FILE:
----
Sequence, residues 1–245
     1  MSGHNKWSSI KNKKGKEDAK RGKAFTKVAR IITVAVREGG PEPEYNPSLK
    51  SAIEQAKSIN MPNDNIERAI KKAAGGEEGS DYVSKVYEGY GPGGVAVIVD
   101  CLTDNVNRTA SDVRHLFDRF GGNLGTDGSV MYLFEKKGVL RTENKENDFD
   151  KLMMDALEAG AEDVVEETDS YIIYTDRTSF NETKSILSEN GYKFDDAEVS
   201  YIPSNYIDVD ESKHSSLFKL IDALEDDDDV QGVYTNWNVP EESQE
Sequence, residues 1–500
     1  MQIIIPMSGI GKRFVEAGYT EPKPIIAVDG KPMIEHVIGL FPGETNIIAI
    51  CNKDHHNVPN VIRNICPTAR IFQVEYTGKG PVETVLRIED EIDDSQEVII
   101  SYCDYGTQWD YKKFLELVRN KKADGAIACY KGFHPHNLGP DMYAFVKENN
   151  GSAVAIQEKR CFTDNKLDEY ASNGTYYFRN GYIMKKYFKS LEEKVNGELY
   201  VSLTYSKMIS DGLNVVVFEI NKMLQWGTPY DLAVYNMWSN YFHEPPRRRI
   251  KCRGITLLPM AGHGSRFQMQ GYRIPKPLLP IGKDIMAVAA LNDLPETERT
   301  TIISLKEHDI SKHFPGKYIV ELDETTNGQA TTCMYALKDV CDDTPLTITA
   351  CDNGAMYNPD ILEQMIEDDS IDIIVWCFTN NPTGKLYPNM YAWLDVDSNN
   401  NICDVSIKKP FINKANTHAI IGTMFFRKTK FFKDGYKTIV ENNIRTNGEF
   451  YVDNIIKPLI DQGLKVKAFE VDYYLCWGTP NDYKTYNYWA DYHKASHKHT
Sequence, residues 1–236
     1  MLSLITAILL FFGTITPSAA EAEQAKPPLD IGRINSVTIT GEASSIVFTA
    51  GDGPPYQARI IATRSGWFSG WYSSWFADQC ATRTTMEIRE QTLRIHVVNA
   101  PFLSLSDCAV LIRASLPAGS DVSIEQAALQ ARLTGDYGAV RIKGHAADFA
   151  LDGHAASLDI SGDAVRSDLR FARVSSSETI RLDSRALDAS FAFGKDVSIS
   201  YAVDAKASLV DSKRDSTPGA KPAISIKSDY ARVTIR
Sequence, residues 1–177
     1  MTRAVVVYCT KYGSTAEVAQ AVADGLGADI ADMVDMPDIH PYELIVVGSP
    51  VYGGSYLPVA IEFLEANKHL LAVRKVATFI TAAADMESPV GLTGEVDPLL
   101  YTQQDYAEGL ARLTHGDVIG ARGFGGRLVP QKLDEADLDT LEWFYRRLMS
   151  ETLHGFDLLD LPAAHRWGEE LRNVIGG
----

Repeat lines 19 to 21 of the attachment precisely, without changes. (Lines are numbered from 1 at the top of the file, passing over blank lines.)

     1  MLSLITAILL FFGTITPSAA EAEQAKPPLD IGRINSVTIT GEASSIVFTA
    51  GDGPPYQARI IATRSGWFSG WYSSWFADQC ATRTTMEIRE QTLRIHVVNA
   101  PFLSLSDCAV LIRASLPAGS DVSIEQAALQ ARLTGDYGAV RIKGHAADFA